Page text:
The 1976 underdog classic Rocky was first released in theaters 40 years ago this week. And while we’ve been revisiting the many rounds of Italian Stallion lore, we’d be remiss if we forgot one of the key figures in this fight: Chuck Wepner, a real-life boxer who played a role in the movie’s inception. The 2011 documentary The Real Rocky (now on iTunes) is an excellent primer on the fighter and his battle with Rocky’s writer-star Sylvester Stallone.
Directed by Jeff Feuerzeig (who’s also behind this year’s excellent doc Author: The JT LeRoy Story), the film looks at the life and career of Wepner, the Bayonne, New Jersey, boxer Stallone often referenced when talking about the creation of his most iconic character, Rocky Balboa. In 1975, Wepner, a heavy underdog, fought an epic bout with champ Muhammad Ali, lasting 15 rounds before losing on a TKO. Stallone later said that the fight became a loose inspiration for the Rocky screenplay, Stallone’s tale of a working-class Philly brawler who gets a title shot against the charismatic champion Apollo Creed (Carl Weathers).
Feuerzeig’s work is an insightful biography of Wepner, a former Marine and bouncer-turned-boxer who gained notoriety (and the nickname “The Bayonne Bleeder”) for his tendency to gush red in the ring. Wepner dutifully narrates his rise to fame and subsequent disappearance back into relative obscurity, when he settled into a career as an alcohol distributor as his fighting days were winding down.
It’s Wepner’s battle against Stallone, however, that looms largest, especially for those of us more interested in Hollywood tales than boxing history. At first, the boxer took great pride in his connection to the Italian Stallion and used it to inflate his celebrity. Revelers at bars on Jersey Shore would chant “Rocky” when he walked in, and he entered fights to the film’s famous theme song.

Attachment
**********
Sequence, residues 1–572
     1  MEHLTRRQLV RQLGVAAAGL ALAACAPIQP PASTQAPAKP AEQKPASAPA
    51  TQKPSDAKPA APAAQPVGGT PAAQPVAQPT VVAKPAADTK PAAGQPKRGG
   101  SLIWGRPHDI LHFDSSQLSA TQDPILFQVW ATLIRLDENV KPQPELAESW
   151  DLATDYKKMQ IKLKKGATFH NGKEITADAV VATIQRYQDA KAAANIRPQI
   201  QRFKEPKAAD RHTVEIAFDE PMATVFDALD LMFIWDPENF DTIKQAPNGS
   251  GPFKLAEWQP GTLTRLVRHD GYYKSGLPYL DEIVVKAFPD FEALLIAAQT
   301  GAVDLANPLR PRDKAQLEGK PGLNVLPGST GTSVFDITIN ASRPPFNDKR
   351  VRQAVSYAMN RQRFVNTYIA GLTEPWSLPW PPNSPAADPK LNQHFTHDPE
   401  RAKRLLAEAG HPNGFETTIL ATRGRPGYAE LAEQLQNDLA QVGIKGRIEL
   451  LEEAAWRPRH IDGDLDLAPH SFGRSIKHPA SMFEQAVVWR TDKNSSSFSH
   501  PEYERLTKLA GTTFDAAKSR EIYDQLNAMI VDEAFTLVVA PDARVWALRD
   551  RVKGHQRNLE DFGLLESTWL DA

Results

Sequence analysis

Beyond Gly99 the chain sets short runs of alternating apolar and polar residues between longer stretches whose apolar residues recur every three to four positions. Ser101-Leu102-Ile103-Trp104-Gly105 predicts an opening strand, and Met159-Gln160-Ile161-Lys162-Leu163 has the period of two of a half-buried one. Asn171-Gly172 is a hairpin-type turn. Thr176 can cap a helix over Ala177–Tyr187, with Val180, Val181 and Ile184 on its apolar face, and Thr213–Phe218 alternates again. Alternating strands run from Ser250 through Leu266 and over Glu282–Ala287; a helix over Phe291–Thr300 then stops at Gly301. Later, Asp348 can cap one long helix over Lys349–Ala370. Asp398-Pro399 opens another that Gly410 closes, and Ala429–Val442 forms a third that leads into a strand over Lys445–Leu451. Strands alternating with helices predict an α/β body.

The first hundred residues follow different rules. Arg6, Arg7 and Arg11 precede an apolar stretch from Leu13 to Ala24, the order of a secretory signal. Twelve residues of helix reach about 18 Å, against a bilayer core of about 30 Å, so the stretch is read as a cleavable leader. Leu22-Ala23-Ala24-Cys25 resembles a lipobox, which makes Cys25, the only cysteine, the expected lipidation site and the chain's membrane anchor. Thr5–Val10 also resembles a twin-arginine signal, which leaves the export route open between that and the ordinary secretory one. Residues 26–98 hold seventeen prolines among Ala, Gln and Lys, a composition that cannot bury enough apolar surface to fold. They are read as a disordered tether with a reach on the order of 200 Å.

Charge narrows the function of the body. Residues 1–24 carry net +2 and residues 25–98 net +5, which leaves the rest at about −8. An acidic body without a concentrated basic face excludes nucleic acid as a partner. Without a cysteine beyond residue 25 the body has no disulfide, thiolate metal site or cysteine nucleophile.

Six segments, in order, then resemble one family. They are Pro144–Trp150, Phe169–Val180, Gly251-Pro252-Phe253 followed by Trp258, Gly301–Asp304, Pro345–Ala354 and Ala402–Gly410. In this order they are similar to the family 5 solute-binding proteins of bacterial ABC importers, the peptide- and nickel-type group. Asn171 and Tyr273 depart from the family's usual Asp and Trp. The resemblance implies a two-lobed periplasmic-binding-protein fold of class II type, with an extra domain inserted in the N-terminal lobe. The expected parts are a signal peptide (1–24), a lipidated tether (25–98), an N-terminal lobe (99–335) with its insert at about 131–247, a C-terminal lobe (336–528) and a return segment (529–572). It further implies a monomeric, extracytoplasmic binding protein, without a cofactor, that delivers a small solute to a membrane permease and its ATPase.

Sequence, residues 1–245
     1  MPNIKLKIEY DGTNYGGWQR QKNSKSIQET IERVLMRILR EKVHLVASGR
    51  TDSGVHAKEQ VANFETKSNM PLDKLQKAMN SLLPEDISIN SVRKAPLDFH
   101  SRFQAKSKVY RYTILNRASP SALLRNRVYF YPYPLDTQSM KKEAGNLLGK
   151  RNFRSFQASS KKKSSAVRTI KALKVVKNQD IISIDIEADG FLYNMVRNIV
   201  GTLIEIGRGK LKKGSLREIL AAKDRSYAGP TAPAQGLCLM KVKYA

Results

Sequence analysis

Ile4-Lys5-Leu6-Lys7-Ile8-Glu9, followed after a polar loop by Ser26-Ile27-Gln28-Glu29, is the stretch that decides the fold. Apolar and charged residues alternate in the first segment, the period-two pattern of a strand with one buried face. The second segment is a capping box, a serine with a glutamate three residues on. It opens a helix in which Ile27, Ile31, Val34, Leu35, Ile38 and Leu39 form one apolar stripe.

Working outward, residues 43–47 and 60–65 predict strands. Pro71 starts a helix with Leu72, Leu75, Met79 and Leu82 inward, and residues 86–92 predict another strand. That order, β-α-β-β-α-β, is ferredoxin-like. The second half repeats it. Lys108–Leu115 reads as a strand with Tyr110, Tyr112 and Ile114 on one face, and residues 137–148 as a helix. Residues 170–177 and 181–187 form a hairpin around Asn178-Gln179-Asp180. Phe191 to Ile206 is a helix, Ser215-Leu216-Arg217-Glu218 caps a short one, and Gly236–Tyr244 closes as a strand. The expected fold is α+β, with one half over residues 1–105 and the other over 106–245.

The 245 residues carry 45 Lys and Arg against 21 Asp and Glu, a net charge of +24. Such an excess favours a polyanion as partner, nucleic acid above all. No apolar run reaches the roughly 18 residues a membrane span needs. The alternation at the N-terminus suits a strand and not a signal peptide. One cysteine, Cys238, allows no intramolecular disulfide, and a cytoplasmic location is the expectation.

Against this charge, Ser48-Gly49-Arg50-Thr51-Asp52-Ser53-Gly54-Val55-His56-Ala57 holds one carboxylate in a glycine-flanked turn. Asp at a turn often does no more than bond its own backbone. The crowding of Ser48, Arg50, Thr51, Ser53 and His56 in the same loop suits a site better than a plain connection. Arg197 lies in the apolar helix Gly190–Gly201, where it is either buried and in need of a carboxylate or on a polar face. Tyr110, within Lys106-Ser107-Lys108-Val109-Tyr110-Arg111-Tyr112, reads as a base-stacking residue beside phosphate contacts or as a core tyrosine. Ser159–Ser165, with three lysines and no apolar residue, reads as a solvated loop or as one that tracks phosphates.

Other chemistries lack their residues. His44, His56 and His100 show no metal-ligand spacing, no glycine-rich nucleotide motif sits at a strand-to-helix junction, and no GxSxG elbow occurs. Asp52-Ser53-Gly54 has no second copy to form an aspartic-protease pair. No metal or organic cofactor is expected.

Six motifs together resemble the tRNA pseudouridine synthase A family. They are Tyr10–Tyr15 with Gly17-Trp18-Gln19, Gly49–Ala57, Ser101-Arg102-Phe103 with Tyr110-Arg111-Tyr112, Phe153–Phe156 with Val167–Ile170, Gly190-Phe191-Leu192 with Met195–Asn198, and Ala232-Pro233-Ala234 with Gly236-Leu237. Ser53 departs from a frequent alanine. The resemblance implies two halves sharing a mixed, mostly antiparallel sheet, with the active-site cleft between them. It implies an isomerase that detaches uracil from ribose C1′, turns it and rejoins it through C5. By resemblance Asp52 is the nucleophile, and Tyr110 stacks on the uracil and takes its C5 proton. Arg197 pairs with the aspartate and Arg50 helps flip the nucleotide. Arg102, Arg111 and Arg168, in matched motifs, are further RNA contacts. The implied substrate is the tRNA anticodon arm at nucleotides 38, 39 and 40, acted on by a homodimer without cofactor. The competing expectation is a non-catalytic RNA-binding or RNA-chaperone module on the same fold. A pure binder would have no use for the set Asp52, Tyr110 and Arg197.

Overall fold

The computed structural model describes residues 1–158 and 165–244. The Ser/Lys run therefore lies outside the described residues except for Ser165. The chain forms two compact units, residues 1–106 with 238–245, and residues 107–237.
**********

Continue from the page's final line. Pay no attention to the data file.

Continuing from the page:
Stallone invited Wepner to cameo in Rocky II, but the boxer admits he was hungover during filming and bombed the scene, which was ultimately cut. Wepner doesn’t come off as particularly salty about that, but as Stallone and company continued to churn out Rocky movies and the franchise ballooned into a billion-dollar business, Wepner grew increasingly uneasy about the fact he never saw any money from such a lucrative operation.
To make matters worse, the Rocky films seemed to continue to borrow details from Wepner’s life. He fought a much-ballyhooed matchup with Andre the Giant in 1976, six years before Rocky III had Rocky fighting a wrestler played by Hulk Hogan. (Hogan even throws Rocky from the ring, just like Andre did with Wepner in real life.) By the time Feuerzeig pivots to the time Wepner fought an actual bear, you half-expect to hear Rocky did the same.
In 2003, Wepner launched a $15 million right of publicity lawsuit against Stallone, three years before a sixth Rocky film (Rocky Balboa) would be released. What becomes of the Stallone-Wepner legal fight hardly makes for a nail-biting Rocky-esque ending, but The Real Rocky is still a fascinating look at the sometimes murky truth behind artistic inspiration.
Wepner, meanwhile, will get to see his full story played out on the big screen when The Bleeder, starring Liev Schreiber, opens 2017.